And last week, LSSU released 27,000-plus Atlantic salmon yearlings that it had spawned and raised into the St. Marys River, continuing a decades-long tradition of annual replenishment and mindful sustainability. The refilling occurred on June 8 late in the evening to deter birds from swooping in to feed.

The event also honored Martin Vanderploeg, CEO and cofounder of Workiva Inc., a cloud-based software technology company for managing business data and headquartered in Ames, IA, who gave $1 million to CFRE, who enjoys freshwater fishing on the St. Marys River, and who called CFRE “a world-class program” and the Atlantic salmon release “a great event for the community.” LSSU designated the batch of Atlantic salmon the “Vanderploeg Class of 2022” in recognition of his late father.

The June 9 oil spill should not damage the Atlantic salmon yearlings, according to CFRE Director Dr. Ashley Moerke, because they congregate in the middle of water columns and oil spill pollution amasses on the surface; thus, the fish swim far below the danger zone. The oil, while unrecoverable, is biodegradable, and should dissipate, per reports attributable to the Coast Guard.    

“Atlantic salmon annually raised by the students, staff, and faculty of the CFRE Fish Hatchery sustain the habitat, offer pastime for anglers, improve the quality of life of the region, and serve as a catalyst to the Michigan and Ontario, Canada, economies,” said Scott Smith, vice president of advancement at LSSU.

LSSU has named Atlantic salmon hatchery yearlings after Lake State stakeholders in 2002 (former LSSU President Dr. Robert D. Arbuckle), 2003 (Richard Zink), 2007 (John Giuliani), 2011 (Gale Gleason and Bill Gregory, cofounders of the fish hatchery), and 2016 (Dick Barch). LSSU has released tens of thousands of Atlantic salmon yearlings into St. Marys River annually since 1987 and has used its own brood stock to supply the eggs since 2004.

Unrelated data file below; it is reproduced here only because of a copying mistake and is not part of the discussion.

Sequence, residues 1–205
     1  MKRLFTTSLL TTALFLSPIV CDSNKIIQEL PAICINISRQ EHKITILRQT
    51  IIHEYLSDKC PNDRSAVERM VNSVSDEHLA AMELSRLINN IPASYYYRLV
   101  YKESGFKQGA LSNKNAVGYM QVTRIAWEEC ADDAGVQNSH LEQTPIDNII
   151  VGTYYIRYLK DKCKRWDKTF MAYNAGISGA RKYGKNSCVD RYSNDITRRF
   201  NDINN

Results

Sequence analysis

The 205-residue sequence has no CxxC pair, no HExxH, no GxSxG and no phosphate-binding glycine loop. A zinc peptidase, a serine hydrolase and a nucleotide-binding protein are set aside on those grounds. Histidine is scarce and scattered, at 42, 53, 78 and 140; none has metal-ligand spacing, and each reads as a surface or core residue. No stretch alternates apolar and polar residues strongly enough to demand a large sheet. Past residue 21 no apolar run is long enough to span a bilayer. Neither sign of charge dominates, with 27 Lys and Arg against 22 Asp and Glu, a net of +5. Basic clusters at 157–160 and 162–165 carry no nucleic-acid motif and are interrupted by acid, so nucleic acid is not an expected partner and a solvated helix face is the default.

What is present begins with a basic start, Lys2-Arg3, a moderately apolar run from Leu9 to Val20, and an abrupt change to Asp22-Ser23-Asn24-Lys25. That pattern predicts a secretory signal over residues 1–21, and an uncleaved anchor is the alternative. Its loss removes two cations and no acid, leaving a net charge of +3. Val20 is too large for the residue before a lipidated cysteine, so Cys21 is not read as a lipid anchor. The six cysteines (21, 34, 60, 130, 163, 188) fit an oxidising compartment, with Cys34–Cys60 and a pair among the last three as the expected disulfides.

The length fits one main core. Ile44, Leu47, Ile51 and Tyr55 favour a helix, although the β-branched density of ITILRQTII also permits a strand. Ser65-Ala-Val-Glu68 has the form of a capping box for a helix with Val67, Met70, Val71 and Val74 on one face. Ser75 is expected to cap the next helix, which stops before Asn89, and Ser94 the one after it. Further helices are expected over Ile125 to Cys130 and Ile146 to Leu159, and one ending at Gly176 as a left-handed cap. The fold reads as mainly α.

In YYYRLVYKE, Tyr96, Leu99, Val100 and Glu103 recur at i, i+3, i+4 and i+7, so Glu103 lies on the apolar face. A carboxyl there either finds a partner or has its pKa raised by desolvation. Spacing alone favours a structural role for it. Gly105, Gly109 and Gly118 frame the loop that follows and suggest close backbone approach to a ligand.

The seven-figure donation from Vanderploeg will further CFRE’s education, research, and outreach; bolster learning opportunities and hands-on experiences for its students and the public; increase innovative pathways for first-generation LSSU students to gain the industry knowledge, practical skills, and inner strength necessary to craft a life of meaningful employment, personal fulfillment, and outdoors preservation; and create an endowed professorship at CFRE.

“Whether releasing Atlantic salmon into the beautiful and vital St. Marys River every year, utilizing proactive tools such as the new oil pollution sensors to tend to the Atlantic salmon and to all of Mother Nature, hosting events for the general public about invasive species, or educating our students and neighbors on eco-restoration, it’s the duty of CFRE and LSSU to remain in the vanguard of fisheries and wildlife management in the academy and the community,” Hanley said.

What's next?

If you would like to apply to become a Verified reader Verified Commenter, please fill out this form.